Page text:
So, here’s what we picture happened when Germany made a UK office draw them a logo for Eurovision, and UK handed over this:

The participants:
Mr. Cameron – a gentleman striving to keep it up as a prime minister with absolutely no love for Eurovision, but with very strong competitive skills.
Mr. Clegg – yet another gentleman striving to keep his buddy David up to date on important European matters such as…say, Eurovision.
Chancellor Merkel – a woman striving to avoid the subject of Eurovision by passing on as much of the dirty work as possible to her not so close friends in UK.

We approach Mr. Cameron and Mr. Clegg as they are doing their daily 9 to 5 work at the office:

Mr Cameron: Did you see this quite formal letter from the Germans asking us to design a logo? How very extraordinary!

Mr Clegg: Why certainly, David. What are we to make of this? Could it be some sort of joke? I mean it’s not like we are close allies or anything.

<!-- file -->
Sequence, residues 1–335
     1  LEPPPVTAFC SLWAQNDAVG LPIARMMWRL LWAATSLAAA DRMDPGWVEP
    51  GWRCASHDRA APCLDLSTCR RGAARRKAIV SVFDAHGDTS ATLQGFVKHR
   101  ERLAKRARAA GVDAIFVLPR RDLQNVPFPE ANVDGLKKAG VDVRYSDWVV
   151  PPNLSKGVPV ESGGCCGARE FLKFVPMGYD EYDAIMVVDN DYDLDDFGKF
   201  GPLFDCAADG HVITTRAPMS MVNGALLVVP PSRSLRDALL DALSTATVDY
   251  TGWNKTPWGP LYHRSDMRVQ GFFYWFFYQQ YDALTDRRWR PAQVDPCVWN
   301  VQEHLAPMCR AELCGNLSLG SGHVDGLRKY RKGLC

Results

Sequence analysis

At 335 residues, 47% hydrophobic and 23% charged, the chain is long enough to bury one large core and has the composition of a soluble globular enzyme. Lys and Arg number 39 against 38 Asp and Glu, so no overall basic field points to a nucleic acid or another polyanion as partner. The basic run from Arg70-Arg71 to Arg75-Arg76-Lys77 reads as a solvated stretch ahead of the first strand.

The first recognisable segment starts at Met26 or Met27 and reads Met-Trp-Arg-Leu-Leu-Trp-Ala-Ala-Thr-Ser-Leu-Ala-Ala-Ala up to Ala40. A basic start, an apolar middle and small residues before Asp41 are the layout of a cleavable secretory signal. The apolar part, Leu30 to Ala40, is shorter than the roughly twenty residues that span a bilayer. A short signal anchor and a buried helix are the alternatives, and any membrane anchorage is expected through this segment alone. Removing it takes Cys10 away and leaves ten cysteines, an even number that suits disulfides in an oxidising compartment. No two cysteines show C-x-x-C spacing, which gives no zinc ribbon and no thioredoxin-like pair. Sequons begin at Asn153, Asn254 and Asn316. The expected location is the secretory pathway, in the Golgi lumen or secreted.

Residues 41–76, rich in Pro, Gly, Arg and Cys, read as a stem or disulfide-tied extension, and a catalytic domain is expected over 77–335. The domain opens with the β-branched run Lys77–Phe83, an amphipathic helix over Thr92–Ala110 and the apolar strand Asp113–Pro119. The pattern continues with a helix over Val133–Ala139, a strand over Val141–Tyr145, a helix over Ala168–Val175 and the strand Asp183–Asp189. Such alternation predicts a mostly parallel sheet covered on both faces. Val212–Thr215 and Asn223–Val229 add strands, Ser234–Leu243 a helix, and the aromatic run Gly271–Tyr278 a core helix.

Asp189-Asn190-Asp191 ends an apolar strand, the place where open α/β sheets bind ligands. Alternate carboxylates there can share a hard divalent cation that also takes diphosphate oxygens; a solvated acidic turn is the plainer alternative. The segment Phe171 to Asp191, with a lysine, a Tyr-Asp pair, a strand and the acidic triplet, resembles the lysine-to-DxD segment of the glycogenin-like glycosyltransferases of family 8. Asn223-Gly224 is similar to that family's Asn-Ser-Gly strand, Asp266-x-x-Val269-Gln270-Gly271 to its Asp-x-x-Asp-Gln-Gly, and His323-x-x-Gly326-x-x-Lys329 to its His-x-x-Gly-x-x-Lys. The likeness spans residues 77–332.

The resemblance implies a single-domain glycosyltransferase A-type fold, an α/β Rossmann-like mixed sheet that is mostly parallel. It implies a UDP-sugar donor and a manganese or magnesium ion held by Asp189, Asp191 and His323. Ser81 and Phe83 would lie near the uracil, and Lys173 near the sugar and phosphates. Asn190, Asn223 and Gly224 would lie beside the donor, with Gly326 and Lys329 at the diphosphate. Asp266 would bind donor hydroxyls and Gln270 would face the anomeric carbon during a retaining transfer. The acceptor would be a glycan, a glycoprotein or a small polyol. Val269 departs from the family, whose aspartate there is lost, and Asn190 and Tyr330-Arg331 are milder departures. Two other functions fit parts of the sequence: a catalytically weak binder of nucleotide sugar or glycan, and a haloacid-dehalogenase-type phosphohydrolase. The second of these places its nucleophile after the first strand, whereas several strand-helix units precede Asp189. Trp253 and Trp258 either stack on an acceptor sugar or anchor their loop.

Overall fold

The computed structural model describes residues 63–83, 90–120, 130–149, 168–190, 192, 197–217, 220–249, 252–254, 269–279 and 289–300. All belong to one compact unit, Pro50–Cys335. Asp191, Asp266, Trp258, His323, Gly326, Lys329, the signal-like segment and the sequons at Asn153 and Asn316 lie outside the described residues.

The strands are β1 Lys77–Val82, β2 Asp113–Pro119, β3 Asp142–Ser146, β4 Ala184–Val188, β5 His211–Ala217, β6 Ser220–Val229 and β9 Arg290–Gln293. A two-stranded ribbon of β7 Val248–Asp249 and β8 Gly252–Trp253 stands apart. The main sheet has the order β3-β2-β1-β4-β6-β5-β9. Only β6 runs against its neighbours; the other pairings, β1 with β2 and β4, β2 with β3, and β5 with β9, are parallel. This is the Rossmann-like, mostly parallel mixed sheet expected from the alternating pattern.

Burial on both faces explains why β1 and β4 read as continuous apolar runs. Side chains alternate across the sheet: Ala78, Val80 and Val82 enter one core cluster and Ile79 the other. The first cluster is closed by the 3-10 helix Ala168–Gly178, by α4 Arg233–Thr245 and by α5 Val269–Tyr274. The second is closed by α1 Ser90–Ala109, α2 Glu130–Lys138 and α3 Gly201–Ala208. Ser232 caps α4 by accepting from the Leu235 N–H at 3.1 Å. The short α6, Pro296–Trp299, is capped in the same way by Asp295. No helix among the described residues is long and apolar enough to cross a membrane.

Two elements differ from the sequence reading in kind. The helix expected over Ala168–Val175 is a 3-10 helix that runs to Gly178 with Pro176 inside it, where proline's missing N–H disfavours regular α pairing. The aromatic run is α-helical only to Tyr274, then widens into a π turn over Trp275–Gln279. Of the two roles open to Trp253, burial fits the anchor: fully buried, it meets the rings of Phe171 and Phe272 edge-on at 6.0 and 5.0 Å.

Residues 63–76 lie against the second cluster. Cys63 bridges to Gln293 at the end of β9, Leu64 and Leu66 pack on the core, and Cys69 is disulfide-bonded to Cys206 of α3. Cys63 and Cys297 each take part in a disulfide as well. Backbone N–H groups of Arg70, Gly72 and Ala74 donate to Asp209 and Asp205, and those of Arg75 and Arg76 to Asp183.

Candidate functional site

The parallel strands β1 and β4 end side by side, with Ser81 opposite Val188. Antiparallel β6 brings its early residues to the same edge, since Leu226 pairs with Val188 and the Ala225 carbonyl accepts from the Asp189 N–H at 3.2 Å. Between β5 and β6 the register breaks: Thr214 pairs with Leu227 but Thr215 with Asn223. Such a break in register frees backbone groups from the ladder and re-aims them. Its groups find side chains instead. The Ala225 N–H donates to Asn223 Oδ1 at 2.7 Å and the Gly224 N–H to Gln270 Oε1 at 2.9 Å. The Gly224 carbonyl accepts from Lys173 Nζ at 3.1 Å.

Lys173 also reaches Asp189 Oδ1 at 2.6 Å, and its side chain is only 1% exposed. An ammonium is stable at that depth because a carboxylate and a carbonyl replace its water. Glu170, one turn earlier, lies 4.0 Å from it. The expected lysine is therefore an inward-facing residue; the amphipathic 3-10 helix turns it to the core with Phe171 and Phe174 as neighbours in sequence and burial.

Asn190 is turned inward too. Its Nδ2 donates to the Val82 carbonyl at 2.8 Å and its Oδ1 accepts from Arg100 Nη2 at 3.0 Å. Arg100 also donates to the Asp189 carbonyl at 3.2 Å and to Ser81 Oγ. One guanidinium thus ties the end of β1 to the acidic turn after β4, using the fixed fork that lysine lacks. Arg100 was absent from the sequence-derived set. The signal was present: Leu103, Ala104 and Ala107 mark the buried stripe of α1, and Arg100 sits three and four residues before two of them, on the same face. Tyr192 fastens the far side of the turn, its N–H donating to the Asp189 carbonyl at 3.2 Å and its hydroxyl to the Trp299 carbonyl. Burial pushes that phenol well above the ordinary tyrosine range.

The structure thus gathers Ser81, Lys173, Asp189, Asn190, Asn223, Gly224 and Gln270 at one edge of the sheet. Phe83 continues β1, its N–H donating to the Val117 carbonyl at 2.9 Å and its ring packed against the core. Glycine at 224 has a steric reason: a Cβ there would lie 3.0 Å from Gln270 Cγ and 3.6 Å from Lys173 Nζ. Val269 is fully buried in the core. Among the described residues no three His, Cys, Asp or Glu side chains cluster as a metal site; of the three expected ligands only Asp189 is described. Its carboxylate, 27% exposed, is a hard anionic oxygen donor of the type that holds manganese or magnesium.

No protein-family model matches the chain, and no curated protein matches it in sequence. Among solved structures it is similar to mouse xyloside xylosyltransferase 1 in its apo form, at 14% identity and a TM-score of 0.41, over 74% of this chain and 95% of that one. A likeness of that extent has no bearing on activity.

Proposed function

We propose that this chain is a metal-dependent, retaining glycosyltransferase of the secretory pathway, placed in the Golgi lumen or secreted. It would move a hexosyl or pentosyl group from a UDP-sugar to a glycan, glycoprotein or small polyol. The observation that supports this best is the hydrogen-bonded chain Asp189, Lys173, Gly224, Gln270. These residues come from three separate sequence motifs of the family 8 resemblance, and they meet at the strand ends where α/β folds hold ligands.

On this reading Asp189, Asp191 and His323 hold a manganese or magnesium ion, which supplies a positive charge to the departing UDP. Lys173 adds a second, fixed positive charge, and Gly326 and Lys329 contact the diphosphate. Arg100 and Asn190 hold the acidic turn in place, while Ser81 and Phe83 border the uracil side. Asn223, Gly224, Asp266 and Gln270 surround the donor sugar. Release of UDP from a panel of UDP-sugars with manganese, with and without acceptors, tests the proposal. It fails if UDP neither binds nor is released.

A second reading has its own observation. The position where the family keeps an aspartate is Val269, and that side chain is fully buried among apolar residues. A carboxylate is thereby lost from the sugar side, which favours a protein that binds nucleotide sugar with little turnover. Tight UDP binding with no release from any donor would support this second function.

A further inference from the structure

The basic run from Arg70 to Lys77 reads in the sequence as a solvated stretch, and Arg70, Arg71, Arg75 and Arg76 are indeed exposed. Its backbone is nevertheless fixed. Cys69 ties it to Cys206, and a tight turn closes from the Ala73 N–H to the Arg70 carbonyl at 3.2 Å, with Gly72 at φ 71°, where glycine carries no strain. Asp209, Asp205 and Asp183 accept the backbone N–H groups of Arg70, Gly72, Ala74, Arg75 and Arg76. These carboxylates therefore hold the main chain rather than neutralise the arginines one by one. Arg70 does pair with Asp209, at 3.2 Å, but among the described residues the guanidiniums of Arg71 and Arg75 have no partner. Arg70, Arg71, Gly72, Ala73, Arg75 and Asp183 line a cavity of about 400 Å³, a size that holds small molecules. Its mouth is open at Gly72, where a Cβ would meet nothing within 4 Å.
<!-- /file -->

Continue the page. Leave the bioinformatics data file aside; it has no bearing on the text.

Mr Cameron: Yes, that is a quite appropriate question, Nick. But I do not know the Germans as great humorists. Allthough Chancellor Angela did at one point laugh at my excuisite joke about Icelandic banks.

Mr Clegg: Oh no, not that joke again, please. But if this is not a joke, then perhaps it could be a gesture of pity? You know, since we really suck at Eurovision, mind the language, and they didn’t this year?

Mr. Cameron: My, Nick! Is that true?

Mr. Clegg: Yes, David. You know very well that dark little German satellitegirl with that way too red lipstick won this year. We watched it in Downing Street, remember? We were so happy to finally be using all that hi tech surveillance equipment for something important. I know you don’t love Eurovision as much as me, but you gotta know this great moment in time!

Mr. Cameron: All right, all right, I do remember. You mean that pale girl? Judging by the accent I thought she was some sort of a Chav from one of those poor British suburbs I never visited. If not, then where were the British? Didn’t they share the moment?

Mr. Clegg: That is a matter best left unmentioned, I’m afraid.